Poker Tournament Structures
There are several different
structures that may be used for poker tournaments. Most of the tournaments that you see on television, such as the WSOP, use
a freeze-out structure - you receive 10,000 in chips and are eliminated from the tournament as soon as you lose all your chips.
You cannot rebuy or add-on more chips, once you lose your chips, you're gone! This type of structure is fine for professionals
but may be a bit too harsh for a friendly home poker tournament.
The most common structure for a home tournament would be a rebuy tournament with
one rebuy or unlimited rebuys. The reason for rebuys is to allow players to continue playing even if they bust out in the
early part of the game. Most home games are between friends, family, or co-workers and the host would like to see the guests
have a good time. That's a little hard to do if your quest goes
broke in the first five minutes of your six hour poker night! For this reason, rebuys are usually allowed in most home
tournaments. Keep in mind that your tournament will be affected by whichever rebuy
method you choose to use. Your players will play conservatively (tight) if they know that they cannot rebuy and will play
riskier (looser) if they know that they can rebuy if they go broke. You can expect inexperienced players to play particularly
poorly when given the opportunity to rebuy.
Add-ons are a good way to increase the size of the purse (the money to be won) and help to even out the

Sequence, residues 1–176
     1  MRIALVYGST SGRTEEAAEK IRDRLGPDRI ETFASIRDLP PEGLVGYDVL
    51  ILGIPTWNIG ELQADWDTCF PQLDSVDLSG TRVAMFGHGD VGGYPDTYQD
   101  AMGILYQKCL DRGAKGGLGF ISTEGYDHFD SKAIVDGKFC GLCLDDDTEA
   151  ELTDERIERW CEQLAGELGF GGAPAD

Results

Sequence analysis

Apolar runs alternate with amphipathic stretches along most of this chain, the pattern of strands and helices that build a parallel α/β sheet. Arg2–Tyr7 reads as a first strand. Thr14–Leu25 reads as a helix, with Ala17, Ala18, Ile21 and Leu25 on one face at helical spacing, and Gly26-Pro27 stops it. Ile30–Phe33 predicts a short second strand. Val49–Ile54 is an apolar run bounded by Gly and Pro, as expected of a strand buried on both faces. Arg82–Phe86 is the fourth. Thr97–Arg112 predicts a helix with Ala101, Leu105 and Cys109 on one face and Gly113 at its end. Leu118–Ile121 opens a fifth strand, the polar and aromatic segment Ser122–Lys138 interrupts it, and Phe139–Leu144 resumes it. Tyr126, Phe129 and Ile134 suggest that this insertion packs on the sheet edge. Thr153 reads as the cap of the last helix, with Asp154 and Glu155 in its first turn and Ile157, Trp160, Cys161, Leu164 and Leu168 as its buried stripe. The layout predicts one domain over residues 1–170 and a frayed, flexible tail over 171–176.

playing field. Purchasing an add-on allows a player to buy an additional amount of chips to add to their
existing stack of chips. For instance, a player that is below 500 chips may be allowed to add-on an
additional 500 chips. I recommend that you do not use add-ons for your first few tournaments - keep it simple at first.
The payout structure will have an effect on your game. If you only pay out the
winner, players will try to win at all costs. If you pay out the top 5 finishers, the players will still try to win, but might
also settle for third or fourth place. They might play a certain style until they get to the final five players and then
totally change their strategy. Make sure you have an established rule for dealing with players who tie for a money position.
You will have to decide how to seat and move players between tables. See my
Seating Players and
Moving Players pages for information on those subjects. Most
tournaments balance players (move them) between tables but a shotgun tournament means that each table will
play internally to itself until there is one player remaining at that table. No players are moved
from table to table. The winner of each table is then seated to form the final table. The obvious advantage to using a
shotgun format is that you don't have to worry about balancing players between tables - no one gets moved until you
seat the final table. A disadvantage is that one table might have a winner after two hours of play while another
table takes four hours. Another disadvantage is that you might have the three or four best players all sitting at
the same table - only one of those players will advance.
The dollar amount of the buyin and the value of the chips issued to start the tournament is totally at your discretion.
You can charge a $10 buyin and issue 10,000 chips to each player or you can charge a $100 buyin and issue 500 chips to each player.